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Lecture

AN101 Lecture 2

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Department
Anthropology
Course
AN101
Professor
Anne- Marie Colpron
Semester
Fall

Description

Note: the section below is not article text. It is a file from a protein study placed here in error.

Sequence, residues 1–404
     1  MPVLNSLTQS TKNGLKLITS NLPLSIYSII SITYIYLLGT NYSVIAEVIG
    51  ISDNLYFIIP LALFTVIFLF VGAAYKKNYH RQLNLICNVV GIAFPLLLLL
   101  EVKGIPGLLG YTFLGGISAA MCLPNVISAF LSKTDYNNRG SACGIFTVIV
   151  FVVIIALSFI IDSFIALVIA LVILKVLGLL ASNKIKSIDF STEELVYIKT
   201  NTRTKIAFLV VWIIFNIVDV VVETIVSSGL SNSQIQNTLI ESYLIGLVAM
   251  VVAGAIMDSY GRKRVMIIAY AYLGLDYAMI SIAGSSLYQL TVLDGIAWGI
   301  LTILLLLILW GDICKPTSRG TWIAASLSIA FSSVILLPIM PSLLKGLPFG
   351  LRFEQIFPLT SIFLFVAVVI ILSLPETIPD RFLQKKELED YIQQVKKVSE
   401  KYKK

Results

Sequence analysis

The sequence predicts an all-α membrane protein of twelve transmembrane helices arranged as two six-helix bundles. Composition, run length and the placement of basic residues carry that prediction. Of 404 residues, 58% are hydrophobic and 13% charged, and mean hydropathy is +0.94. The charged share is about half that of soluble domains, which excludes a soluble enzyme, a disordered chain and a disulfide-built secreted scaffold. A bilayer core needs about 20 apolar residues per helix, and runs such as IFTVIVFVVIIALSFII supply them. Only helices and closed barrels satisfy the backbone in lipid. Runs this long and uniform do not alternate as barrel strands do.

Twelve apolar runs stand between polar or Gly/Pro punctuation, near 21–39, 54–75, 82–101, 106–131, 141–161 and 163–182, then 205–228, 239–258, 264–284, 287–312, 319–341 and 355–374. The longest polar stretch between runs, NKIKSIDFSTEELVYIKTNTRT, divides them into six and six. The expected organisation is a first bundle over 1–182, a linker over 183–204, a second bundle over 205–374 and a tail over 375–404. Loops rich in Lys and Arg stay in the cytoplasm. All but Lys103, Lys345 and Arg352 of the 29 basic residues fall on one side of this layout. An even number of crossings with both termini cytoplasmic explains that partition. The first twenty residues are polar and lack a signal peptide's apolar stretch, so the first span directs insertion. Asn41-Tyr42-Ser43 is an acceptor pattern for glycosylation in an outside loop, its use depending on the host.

AN-101 Lecture 2 1/9/2013 10:25:00 AM Ancient Greek etymology Anthrop-: human being -logy: science Science of human being.  History  Nature Comparative discipline:  Anthropology is not Western focused  Anthropology studies humanity in its diversity.  Interested in what it means to be human all over the world. Anthropology studies what it means to be human:  Diachronically: over time o Culture changes over time o It changes through generation  Synchronically: across space. o Something happens at the same time but in different parts of the world o What it means to be human in north American and also in other parts of the world 4 subfields of anthropology  archeology o archeologists study the human past through the analysis of material remains o studies the past o try to reconstruct how people used to live  biological anthropology o the study of the biological evolution of humanity o Subfields of biological anthropology  Primatology  The study of primates who are the closest living relative of human beings  Paleoanthropology  The study of fossilized bones and teeth of our early ancestors.  linguistic anthropology o the study of the relationship between language and culture.  sociocultural anthropology o it focuses on learned behaviours and ideas that human beings acquire as members of society. o Why is it this way? Why do they think this way? Why are they organized this way? Methodology of sociocultural anthropology  Fieldwork o An extended period od close involvement with the people in whose way of life anthropologists are interested and during which they collect most of their data. o You go to the actual place  Participant observation o The method anthropologists use to gather information by living as closely as possible to the people whose culture they are studying while participating in their lives as much as possible. Some differences between anthropology and sociology  Comparative approach: o Anthropology compares different settings (not western focused)  Methodology: o Through fieldwork and participant observation, anthropologists get immersed in a specific group of peoples’ everyday life and try to understand their point of view from the inside. Ethnography:  A form of anthropological writing that describes the main social practices and ideas of a specific group of people. Ethnology:  The comparative study of different cultures  It is a synonym of sociocultural anthropology. Holist approach:  Global approach o The idea that all aspects of culture are interrelated: religion, politics, economics, art, etc., cannot be studied without reference to each other and to the culture as a whole. o You must know the culture as a whole in order to talk about these aspects. o They are all integrated Culture:  British anthropologist Edward Taylor (1832-1917) classic definition: o Culture is “that complex whole which includes knowledge, belief, art, morals, law, customs, and any other capabilities and habits requires (…) as a member of society” Enculturation:  The process by which we learn a culture and we acquire the values and behaviours proper to that culture. Ethnocentrism:  It is the act of judging other peoples’ cultures from one’s own cultural standards.  We see through the eyes of our own culture. Anthropology is all about:  Resisting the ethnocentric impulse: o By recalling “that is what we observe appears to be off or irrational, it is probably because we do not understand it and not because it is a product of a “savage” culture in which such nonsense is to be expected” (Greenwood and Stini, 1977) Cultural relativism:  Culture relativism involves understanding another culture in its own terms sympathetically enough so that the culture appears to be a coherent and meaningful design for living. WE DON’T JUDGE WE TRY TO UNDERSTAND By studying other cultures we become aware of our own. Chapter 1 1/9/2013 10:25:00 AM The anthropological Perspective on the Human Condition  All societies develop their own answers to certain questions.  The belief that human nature, or reality as a whole, is made up of two radically different yet equal forces is called dualism.  According to Plato, the people of the western tradition have understood that each person as made up of a material body inhabited by an ethereal mind.  According to Plato, the drama of human existence consist of the internal struggle between the body (drawn naturally to base, corruptible matter) and the mind or soul (drawn naturally to pure, unchanging forms).  The view of earthly life as a struggle between spirit and flesh is sometimes called conflict dualism.  Humans nature is spiritual, not material; the body is a material impediment that frustrates the full development of the mind or spirit. This is known as idealism.  Others argue that the activities of our physical bodies in the material world make us who we are. From this perspective, human existence becomes the struggle to exercise our physicality as fully as we can; to put spiritual values above bodily needs would „go against human nature‟. This view is known as materialism.  Idealism and materialism propose something forms of determinism: idealists claim that human nature is determined by the casual force of the mind or spirit; materialists argue that human nature is determines by the causal force of physical matter.  Essence: an unchanging core of features that is unique to things of the same kind (whether the are chairs, cows, ideas or people) and make them what they are. th  Some 19 century thinkers argued that the most powerful material forces that shape human nature were to be found in the surrounding natural environment.  Karl Marx and his followers argued that forces shaping human being‟s self-understanding were rooted in social relations shaped by the mode of economic production that sustained a society.  An extreme ideologist‟s reaction against such materialist thinking, influential in cultural anthropology, has argued that human beings have no fixed essence when they come into the world, but they become different kinds of human beings as a result of the particular ideas, meanings, beliefs, and values that they absorb as members of particular societies.  A number of scholars have adapted this basic assumption to portray humans as passive, pliable creatures who are wholly molded by environmental, socio-historical, cultural, or other forces beyond their control. Holistic Explanations:  Holism assumes that no sharp boundaries separate mind from body, body from environment, individual from society, my ideas from your ideas; rather it proposes that mind and body, body and environment and so on, interpenetrate and even define each other.  Holism holds great appeal for those who seek a theory of human nature that is rick enough to do justice to its complex subject matter.  Human beings are what they are because the mutual shaping of genes and culture and experience has produces something new, something that cannot be reduced to the materials used to construct it.  A society is not jus the sum of the behaviours of its individual members but a unique entity, and human beings living in groups are so deeply affected by shared cultural experiences that they become different from what they would have had they matured in isolation.  Social living and cultural sharing are necessary for individual human beings to develop what we recognize as a human nature.  Holism as a perspective allows us to consider human nature as the result of a co-evolution: Human beings are creatures whose bodies, brains, actions, and thoughts are equally involved in learning, co-determining, and co-evolutioning. The Anthropological Perspective: The Cross-Disciplinary Discipline:  Anthropologists want to learn about different human ways of life.  The anthropological perspective draws on the findings of these other disciplines and attempts to fit the together with its own findings to understands how these data collectively shape human life.  Anthropologists are convinces that explanations of human activities will inevitably be superficial unless they acknowledge that human lives are always entangles in complex and fluid patterns od work and family, power and meaning.  This holistic point of view recognizes that so long as they are alive, individuals and societies always remain open to influences and opportunities that may take them beyond that they are at the present moment or what they have been in the past.  To generalize about humanity requires evidence from the widest possible range of human societies. Thus, in addition to being holistic, anthropology is comparative.  When we compare things from different cultures, we realize that certain things are totally normal in some cultures, but weird in our own.  Thus, anthropological study involves gathering data from many cultures, comparing those data to derive informed and testable hypotheses about what it means to be human, and investigating what, if anything, can be said about the human condition that might be valid across space and over time.  Some anthropologists study the biological evolution of the human species, paying attention not only to human origins but also to the patterns of biological variation in living human populations; others study past cultures, tracing how elements of culture have changed over time.  One of anthropology‟s mot important contributions to the study of human evolution has been to demonstrate the critical differences that separate biological evolution situated in environmental circumstances, as Darwin would term it, from cultural evolution.  This distinction remained important as a way of demonstrating the fallacies and incoherence of arguments that assert that everything people do or think can be explained biologically.  Because anthologists are interested in documenting and explaining change, the anthropological perspective is evolutionary at its core. Biological Anthropology:  Focuses on human beings as living organisms and what makes us different rom or similar to other living things.  It has its roots in the nineteenth century interest in human variation, which was a by-product of centuries of exploration and encounters between geographically distant societies.  The more that anthropologists learned about the inner biological attributes of human populations, the more they realized that races with distinct and unique sets of such attributes did not exist. Thus they concluded that the concept of “race” did not reflect a fact of nature by was instead a cultural label incented by human beings to sort people into groups.  Franz Boas: devoted much time and energy to debunking racists stereotypes, using bother their knowledge of biology an